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(2,419 words)

Author(s): Wesche, Tilo | Huxel, Kirsten | Herms, Eilert | Ziemer, Jürgen
[German Version] I. Philosophy The term self (ἑαυτοῦ/ heautoú; αὑτοῦ/ hautoú) appears as a noun (“the self”) but more often in compounds such as self-consciousness, self-relation, self-assertion, self-actualization, self-determination, self-assurance, and self-realization. Its basic meaning has to do with autonomy: self is something that can be by itself and stand by virtue of itself alone. Greek philosophy already emphasized this meaning: what something is of itself (καϑ᾿ αὑτά/ kath’ hautá; Arist. Metaph. 1017a 27) is what is independent of accidentals. What is self-moving (αὐτοκίνητον/ autokínēton; Plato Phaidr. 254c 5) is not dependent on any outward impulse but acts by virtue of its own power. Concern for oneself (ἐπιμέλεια ἑαυτοῦ/ epiméleia heautoú; Plato Apol. 36c) is interest in what remains apart from everything ephemeral. Building …


(621 words)

Author(s): Wesche, Tilo
[German Version] The term principle, despite many differentiations, has retained the dual meaning of the Greek ἀρχή/ archḗ and Latin principium, “beginning” and “rule”: the principle is the beginning, as that from which something comes; and the rule, as that which is immovably fixed. The aspects of meaning as what is first or fundamental explain why philo…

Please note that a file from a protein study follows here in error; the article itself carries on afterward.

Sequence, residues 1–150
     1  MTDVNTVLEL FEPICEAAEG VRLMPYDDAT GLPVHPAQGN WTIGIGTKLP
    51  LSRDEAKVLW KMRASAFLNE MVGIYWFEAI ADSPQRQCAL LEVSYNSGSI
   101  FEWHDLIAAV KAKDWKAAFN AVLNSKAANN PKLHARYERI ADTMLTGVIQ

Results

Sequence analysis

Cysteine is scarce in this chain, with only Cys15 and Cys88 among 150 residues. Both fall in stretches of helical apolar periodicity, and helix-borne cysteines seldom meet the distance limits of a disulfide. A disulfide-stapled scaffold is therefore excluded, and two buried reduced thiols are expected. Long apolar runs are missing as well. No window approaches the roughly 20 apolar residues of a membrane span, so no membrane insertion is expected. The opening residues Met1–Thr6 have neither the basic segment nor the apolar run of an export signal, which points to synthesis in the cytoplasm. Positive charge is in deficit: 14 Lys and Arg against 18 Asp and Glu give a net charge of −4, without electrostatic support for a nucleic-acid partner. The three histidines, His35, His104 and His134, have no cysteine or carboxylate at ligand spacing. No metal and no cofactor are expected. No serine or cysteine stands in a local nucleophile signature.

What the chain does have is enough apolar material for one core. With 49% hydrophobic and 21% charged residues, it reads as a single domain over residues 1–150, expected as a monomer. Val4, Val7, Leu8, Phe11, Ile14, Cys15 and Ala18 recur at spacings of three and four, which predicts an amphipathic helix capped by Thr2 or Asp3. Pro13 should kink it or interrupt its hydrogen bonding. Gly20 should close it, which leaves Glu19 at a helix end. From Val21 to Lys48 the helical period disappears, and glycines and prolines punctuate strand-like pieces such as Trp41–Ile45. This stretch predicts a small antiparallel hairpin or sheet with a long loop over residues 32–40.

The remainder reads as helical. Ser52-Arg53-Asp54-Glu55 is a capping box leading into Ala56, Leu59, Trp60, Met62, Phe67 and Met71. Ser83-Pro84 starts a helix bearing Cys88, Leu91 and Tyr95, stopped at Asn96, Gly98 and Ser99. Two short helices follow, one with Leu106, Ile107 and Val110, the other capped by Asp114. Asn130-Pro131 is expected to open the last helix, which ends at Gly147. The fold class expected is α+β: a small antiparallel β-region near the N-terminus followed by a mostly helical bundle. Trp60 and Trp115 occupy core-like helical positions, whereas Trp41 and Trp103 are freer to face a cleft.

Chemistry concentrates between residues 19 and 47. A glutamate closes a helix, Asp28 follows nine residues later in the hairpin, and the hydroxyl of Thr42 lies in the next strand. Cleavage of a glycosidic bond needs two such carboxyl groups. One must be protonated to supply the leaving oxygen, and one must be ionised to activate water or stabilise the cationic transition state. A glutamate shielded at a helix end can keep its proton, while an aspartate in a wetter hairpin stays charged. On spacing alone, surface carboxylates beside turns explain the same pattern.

World Spirit

(290 words)

Author(s): Wesche, Tilo
[German Version] In G.W.F. Hegel’s philosophy of history, the world spirit or world mind ( Weltgeist) constitutes the motive of history (History/Concepts of history) and hence of reality

World Soul

(183 words)

Author(s): Wesche, Tilo
[German Version] Following the Neoplatonic interpretation of Plato’s Timaeus, the term world soul refers to the notion that the cosmos is a living being endowed with a soul. In German Idealism, F.W.J. Schelling in particular adopted this view, to which J.W. v. Goethe also appealed. In his


(363 words)

Author(s): Wesche, Tilo
[German Version] Historically, there is a difference between dejection (Ger. Schwermut) and melancholy. In Problemata XXX 1 ( Aristotelis Opera, vol. II, 21960, 953 a 10 – 955 a 49), Theophrastus begins by asking why all outstanding personalities are melancholics and proceeds to describe melancholia as an anthropological disposition shared by all human beings, from which illness, mania, and depression, but also their opposite, distinctive creative powers arise. The melancholic transcends a generally ordinary life by virtue of a men-…